AELP: Ban businesses from using levy for degree apprenticeships

Younger apprentices taking more introductory level programmes need to be prioritised, the AELP says

The Association of Employment and Learning Providers is calling on the government to ban apprenticeship levy payers from using their levy funds to take on degree level apprentices

Big businesses that pay the apprenticeship levy should no longer be able to take on degree-level apprentices with their levy funds, the Association of Employment and Learning Providers (AELP) has said.

Instead, the AELP wants the government to change the rules to incentivise small- and medium-sized enterprises (SMEs) to take on younger apprentices on lower-level courses.

Earlier this month, the National Audit Office warned about the long-term sustainability of the levy because of the large number of more expensive, higher-level apprenticeships being started.

Read more: DfE unlikely to meet apprenticeship target, says NAO

More news: 'Cold spots' miss out on degree apprenticeships

Background: Degree apprenticeships: What you need to know

The AELP proposes that no levy funding should be available for level 6 and 7 apprenticeships, irrespective of whether the employer pays the levy or not. Funding for these degree-level apprenticeships should instead come from the employer and/or the apprentice via a student loan.

AELP chief executive Mark Dawe said despite being an “enthusiastic supporter of degree apprenticeships”, he felt urgent action was needed.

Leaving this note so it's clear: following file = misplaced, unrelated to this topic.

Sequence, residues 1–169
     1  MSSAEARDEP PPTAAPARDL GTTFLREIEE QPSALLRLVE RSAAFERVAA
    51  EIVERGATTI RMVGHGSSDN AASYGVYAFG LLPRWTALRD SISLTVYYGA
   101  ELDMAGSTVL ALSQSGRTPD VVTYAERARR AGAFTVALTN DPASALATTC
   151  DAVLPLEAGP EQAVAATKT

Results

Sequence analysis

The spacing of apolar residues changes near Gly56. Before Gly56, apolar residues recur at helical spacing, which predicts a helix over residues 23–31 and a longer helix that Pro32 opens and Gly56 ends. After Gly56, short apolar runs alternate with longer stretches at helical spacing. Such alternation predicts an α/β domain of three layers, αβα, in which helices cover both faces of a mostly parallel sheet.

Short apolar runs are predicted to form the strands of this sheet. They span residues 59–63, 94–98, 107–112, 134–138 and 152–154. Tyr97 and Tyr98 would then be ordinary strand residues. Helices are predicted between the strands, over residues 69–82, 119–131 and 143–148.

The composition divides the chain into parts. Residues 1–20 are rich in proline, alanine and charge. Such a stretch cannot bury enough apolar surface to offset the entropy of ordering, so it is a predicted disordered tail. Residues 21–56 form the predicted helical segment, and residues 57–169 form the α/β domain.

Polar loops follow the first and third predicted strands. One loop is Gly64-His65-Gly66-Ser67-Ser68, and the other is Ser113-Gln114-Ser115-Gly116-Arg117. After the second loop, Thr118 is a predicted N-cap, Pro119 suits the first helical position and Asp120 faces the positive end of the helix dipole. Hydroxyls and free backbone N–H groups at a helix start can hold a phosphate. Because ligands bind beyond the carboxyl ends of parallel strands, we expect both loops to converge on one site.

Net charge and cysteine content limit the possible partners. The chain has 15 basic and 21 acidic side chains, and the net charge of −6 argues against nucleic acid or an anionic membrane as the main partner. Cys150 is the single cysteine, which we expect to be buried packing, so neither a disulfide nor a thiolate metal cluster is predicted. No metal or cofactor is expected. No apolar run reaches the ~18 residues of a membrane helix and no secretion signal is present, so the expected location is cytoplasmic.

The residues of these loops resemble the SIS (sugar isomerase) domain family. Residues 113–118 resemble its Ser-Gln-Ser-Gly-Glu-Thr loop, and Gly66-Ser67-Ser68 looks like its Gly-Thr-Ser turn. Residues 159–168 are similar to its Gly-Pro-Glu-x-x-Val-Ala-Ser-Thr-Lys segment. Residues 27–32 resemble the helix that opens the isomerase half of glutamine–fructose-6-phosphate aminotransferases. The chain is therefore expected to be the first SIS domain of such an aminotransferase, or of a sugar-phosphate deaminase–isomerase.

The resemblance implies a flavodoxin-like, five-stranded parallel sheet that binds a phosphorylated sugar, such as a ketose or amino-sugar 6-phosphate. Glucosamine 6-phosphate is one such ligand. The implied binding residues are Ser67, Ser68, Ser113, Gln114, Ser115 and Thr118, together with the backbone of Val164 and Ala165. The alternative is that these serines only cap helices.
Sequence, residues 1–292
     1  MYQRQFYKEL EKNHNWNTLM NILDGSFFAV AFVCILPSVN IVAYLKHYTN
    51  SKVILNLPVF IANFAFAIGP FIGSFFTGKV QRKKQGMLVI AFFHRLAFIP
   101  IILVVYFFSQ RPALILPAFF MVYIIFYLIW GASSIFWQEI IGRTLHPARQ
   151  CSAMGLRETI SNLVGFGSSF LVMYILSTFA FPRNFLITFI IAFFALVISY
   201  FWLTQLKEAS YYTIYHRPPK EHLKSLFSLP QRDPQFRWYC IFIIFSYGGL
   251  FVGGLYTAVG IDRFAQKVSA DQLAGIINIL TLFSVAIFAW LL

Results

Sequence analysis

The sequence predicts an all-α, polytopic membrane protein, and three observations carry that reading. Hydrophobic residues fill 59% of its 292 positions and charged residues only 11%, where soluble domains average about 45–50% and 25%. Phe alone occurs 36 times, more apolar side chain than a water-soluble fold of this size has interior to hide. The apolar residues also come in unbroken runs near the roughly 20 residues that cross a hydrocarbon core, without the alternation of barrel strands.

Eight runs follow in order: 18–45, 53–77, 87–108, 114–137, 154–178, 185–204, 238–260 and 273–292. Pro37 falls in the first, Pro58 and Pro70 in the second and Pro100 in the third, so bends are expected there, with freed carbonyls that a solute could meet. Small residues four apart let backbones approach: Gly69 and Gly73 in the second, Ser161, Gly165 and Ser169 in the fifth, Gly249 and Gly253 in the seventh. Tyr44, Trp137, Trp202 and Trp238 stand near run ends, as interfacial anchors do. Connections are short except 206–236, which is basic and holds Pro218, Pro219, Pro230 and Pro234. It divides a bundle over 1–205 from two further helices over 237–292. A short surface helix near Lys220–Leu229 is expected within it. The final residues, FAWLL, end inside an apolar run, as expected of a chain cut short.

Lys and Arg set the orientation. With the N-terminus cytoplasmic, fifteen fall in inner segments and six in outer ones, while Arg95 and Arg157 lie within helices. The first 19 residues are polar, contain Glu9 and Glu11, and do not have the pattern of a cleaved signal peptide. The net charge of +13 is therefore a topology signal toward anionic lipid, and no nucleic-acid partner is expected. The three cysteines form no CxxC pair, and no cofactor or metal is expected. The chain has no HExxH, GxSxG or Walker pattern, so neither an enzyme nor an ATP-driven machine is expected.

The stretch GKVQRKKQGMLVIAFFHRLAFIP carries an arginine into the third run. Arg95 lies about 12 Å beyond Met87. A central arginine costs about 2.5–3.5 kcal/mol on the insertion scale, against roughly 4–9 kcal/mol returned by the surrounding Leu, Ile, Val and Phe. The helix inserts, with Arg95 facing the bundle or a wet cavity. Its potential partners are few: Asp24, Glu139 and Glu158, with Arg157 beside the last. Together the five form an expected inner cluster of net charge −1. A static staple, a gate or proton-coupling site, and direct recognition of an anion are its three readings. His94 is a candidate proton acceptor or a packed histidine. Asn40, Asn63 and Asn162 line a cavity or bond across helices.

He added: “Unless the government decides that it wants to levy more money from employers, the apprenticeship budget will soon be exhausted and therefore a new way of funding the highest level apprenticeships has to be found.”

SMEs are 'bedrock of apprenticeships'

A spokesperson for AELP said they believe that the appeal of degree apprenticeships will not diminish if a change is made, because there were already 135,000 employer-funded degree apprenticeships prior to the levy’s introduction. Degree apprentices will also earn a wage, which makes it an attractive alternative to a traditional degree, they added. Instead, they argued, the government should:

  • Fully fund level 2 and 3 apprenticeships
  • Return to the pre-levy funding band uplift for the apprenticeships of 16- to 24-year-olds
  • Set a guaranteed minimum budget for non-levy SME employers of at least £1bn per annum irrespective of whether there is enough unused levy funding to fund this.

Mr Dawe added: “The government seems to have lost sight of the importance of SMEs offering apprenticeships when they have been the bedrock of the programme over the last two decades.

“They are the ones who have consistently been making a positive impact on social mobility and productivity by investing in fantastic apprenticeship opportunities at all levels of the programme, especially for young people.”

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